In 2013 the Center for Disease Control released a landmark report: Antibiotic Resistance Threats in the United States, 2013 (PDF).
The report gives a bleak picture of our current antibiotic problems.
If folks don’t stop demanding and clinicians don’t stop prescribing antibiotics for every cold, earache, cough, or other illness that is likely viral, we won’t have any effective antibiotics left!
The consequences of this is catastrophic.
Imagine our world run amuck with superbugs that cannot be killed. These bugs become armed militants capable of mutating and altering their defenses against anything thrown at them, making them more virulent, more deadly. This is not science fiction. Antibiotic resistance is not a potential problem of the future, it is here and now, present day.
The CDC conservatively estimates that in the US alone, two million people a year get sick with antibiotic-resistant infections, and 23,000 die from their infection.
Are we too late? Has the overuse of antibiotics by prescribers and patients caused irreversible repercussions? Yeah, probably.
But with education and action by every one of us, we can help our situation from getting even worse.
What can we do?
CDC’s Dr. Frieden proposes a four-part solution:
- Preventing infections from occurring and spreading:
through immunization, hand washing, proper food preparation
- Tracking resistant bacteria (CDC’s role)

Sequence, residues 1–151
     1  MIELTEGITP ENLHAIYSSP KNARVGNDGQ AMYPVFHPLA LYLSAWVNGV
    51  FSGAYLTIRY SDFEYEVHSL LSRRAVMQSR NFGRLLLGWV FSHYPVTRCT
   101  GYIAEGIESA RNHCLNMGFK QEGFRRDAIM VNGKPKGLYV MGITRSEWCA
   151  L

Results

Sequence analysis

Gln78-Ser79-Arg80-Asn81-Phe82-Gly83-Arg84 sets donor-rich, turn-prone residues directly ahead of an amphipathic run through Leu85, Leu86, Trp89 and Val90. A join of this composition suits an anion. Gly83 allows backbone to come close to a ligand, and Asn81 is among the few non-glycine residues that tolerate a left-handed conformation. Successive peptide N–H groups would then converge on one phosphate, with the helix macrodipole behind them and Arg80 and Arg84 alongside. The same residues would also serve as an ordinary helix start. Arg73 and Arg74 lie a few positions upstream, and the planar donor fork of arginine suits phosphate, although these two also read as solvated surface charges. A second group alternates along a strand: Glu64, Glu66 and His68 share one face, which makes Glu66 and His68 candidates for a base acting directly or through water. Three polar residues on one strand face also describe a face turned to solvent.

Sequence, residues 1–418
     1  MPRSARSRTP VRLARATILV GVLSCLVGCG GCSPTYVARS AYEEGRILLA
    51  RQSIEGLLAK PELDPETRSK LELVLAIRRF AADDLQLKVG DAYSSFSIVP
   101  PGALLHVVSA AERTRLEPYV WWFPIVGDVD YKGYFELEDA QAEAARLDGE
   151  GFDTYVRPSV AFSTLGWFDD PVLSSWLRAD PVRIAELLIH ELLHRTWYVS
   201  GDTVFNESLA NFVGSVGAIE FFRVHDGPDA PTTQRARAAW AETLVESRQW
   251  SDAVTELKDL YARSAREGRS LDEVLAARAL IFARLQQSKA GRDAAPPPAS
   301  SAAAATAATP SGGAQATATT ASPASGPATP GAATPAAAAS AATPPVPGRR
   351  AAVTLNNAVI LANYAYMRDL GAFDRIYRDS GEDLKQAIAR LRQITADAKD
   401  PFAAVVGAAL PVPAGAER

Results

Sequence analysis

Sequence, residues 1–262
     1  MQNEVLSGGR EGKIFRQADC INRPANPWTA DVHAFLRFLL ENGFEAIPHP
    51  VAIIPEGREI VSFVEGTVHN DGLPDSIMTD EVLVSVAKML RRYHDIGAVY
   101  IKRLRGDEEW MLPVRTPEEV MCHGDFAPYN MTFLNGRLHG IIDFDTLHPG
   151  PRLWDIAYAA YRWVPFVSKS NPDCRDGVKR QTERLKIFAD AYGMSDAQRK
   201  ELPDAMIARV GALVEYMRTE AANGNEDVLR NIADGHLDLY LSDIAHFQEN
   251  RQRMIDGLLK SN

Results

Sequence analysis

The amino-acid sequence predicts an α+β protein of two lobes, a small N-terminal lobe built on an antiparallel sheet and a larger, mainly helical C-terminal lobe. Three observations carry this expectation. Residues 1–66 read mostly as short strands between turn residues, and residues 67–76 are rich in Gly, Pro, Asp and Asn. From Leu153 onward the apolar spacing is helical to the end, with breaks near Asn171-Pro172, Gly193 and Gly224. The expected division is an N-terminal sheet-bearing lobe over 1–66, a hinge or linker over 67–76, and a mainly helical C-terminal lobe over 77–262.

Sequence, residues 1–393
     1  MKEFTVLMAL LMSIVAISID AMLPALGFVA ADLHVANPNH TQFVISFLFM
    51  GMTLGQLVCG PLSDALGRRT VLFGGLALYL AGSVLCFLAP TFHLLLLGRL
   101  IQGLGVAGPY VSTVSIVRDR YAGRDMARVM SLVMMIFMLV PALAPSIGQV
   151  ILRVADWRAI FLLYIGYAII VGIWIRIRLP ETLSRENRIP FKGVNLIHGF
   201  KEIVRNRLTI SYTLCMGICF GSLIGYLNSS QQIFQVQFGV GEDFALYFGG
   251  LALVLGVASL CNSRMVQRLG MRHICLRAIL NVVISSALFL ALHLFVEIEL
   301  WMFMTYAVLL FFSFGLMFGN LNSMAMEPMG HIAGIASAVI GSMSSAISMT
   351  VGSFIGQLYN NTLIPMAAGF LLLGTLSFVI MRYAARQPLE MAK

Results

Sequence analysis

- Improve antibiotic prescribing/stewardship. This commitment to always use antibiotics appropriately and safely—only when they are needed and to choose the right ones and administer/take in the right way in every case—is known as antibiotic stewardship.
- Promote development of new antibiotics and tests for diagnosing resistant bacteria.
-The use of antibiotics is the single most important factor leading to antibiotic resistance.
50% of all the antibiotics prescribed for people are not needed or are not optimally effective.
Simply using antibiotics creates resistance.
As antibiotic resistance grows, the antibiotics used to treat infections do not work as well or at all.
When someone takes an antibiotic that they do not need, they are needlessly exposed to the side effects of the drug and do not get any benefit from it.
Every time someone takes an antibiotic they don’t need,
they increase their risk of developing a resistant infection in the future.
When a person takes antibiotics, good bacteria that protect against infection are destroyed for several months.
Stopping even some of the inappropriate and unnecessary use of antibiotics in people and animals would help greatly in slowing down the spread of resistant bacteria
Remember, most illnesses resolve on their own, and very few truly require antibiotic treatment.
Let’s fight this war together and agree to be good antibiotic stewards. Otherwise, we risk being destroyed by mercenaries who are capable of assembling their army on a single grain of salt.